Tuesday, April 10, 2007

Betty Crocker for an Arm and A Leg

At the supermarket in the Shibuya station, I saw a Betty Crocker Box Cake Mix, priced at 500 yen, or about $5!!

  • Socklets (I don't know what to call them) are pretty lace shoe-liner/socks that you wear with fancy stilettos, the lace peeks out from the edges of the shoe. They also make the shoe more comfortable I've heard.
  • Knee High Socks: it seems fashionable here to wear stockings to just above the knee, then show bare skin from there until the skirt hem. If you were to do this in the States, I think people would wonder if you put on too short of stockings!!
  • Matching Issues: people wear odd color combinations, like black shoes with an entirely navy blue suit. Or, brown shoes with black pants. To me this seems clashy, but it seems respectable enough for the Japanese businessmen and young gals.
  • Stilettos! Everywhere. Here I am, wearing really comfortable shoes, and my feet are tired, while all the Japanese gals wear tall stilettos with pointy toes... while walking a lot between trains and commuting.
Cultural Amusements
  • Japanese people seem to be confused/intrigued/surprised to see multi-ethnic combinations of friends. For example, when my Pakistani friends and a ghostly-white friend from the States went to dinner together, they got strange looks. I think Americans feel free to associate with anyone.
  • In Japan, people more quickly say their hometown/racial/ethnic information. In the States, I am always afraid to ask someone of their ethnicity, but here, it is a matter of national pride, since ethnicity and nationality go closely hand-in-hand in Japan. (compared to America, where being an American doesn't prescribe your appearance/ethnicity).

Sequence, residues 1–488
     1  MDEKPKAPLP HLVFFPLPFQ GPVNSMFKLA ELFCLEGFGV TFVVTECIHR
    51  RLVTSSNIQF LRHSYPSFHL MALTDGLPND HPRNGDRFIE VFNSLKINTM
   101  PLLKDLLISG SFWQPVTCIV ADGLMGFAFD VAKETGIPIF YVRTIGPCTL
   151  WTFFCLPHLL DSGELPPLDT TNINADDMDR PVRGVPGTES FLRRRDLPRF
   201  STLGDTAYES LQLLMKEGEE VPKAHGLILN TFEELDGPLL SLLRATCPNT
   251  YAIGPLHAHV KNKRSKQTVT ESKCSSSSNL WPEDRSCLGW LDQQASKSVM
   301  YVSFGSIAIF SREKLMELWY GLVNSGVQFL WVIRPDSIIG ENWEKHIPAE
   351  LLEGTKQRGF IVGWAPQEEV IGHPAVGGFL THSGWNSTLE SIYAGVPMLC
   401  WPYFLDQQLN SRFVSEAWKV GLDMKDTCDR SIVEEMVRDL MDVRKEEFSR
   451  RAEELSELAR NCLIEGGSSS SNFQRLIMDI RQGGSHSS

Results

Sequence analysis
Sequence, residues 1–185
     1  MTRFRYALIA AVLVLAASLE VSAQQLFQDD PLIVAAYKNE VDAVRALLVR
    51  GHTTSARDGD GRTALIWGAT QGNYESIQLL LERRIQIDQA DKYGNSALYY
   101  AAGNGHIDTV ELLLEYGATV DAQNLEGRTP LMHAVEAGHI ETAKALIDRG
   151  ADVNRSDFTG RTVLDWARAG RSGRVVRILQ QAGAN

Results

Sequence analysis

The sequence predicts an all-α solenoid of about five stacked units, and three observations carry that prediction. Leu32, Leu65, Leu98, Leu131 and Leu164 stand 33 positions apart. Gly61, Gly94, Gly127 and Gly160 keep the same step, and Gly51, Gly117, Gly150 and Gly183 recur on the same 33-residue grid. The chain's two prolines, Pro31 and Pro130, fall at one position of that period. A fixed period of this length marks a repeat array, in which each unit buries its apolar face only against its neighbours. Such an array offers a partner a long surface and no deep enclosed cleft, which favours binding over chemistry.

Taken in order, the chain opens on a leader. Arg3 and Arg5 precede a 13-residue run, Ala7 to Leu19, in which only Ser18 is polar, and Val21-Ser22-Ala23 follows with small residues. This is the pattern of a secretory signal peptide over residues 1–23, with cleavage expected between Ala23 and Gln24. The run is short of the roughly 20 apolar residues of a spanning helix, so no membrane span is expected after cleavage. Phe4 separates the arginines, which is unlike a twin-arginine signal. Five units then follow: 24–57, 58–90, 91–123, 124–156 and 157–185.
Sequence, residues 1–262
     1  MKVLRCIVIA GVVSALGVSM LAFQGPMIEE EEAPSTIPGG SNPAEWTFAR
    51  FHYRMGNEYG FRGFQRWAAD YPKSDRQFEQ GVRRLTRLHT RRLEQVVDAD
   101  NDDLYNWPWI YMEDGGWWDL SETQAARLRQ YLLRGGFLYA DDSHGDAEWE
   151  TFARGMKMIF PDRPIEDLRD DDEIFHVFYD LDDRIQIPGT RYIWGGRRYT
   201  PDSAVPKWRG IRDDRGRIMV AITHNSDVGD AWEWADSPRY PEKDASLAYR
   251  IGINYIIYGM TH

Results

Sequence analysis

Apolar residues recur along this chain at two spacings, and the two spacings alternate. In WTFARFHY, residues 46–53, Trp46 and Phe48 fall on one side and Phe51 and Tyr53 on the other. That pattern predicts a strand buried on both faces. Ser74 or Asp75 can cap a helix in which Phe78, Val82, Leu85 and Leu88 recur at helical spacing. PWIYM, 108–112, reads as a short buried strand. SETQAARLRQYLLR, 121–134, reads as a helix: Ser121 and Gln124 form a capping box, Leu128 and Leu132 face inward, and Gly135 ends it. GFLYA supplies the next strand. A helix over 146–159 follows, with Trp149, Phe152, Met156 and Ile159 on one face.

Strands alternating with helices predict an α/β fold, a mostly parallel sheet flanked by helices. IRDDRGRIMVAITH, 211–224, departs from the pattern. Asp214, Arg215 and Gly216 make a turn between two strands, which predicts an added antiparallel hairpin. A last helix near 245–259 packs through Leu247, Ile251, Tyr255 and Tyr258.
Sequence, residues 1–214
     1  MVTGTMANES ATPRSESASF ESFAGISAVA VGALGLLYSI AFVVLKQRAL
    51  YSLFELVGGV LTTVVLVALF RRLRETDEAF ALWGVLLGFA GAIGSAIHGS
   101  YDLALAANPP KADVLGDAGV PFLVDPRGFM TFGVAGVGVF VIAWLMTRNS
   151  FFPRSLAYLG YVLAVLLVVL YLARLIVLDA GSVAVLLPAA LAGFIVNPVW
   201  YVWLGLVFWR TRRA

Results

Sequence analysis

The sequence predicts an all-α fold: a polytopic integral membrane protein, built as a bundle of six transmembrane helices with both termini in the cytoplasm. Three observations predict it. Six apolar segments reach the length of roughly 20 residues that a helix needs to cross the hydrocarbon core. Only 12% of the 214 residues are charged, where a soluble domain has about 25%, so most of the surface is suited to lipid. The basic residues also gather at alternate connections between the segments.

• Confidence: we were asked to introduce ourselves in class (jikoshokai "self introduction). Many Japanese students whispered, head down, and were generally very shy. Then there goes Tammy, having no problem speaking to 70 people. My teacher told everyone to model after me while public speaking!!! ("Learn from her")
  • Japanese college students often live with their families, so they seem less independent and mature than perhaps their American counterparts who generally move out to attend college.
Bikes: no one wears helmets. Japanese mothers have child-carrying baskets on the front and back of their bikes (like a soccer-mom-bike). Japanese laws prohibit even riding someone else's bike, and you must register your bike (like a car). Kickstands are pretty nifty, and people only lock bikes such that you can't ride them (i.e. lock around the wheel), instead of locking the bike to anything. Bikes ride on the sidewalks which is a pain for us pedestrians.

1 comment:

Ellen said...

Eep, not to diminish the exoticness of the fashion. I saw the socklets for the first time a few weeks ago in Vancouver (which pretty much is Asia!) Said black socklets were worn with bright yellow vinyl flats. The term that came to mind at this first sighting was 'foot thong'. It looks like something that won't last, but you never know.

Well done showing them how Americans can speak!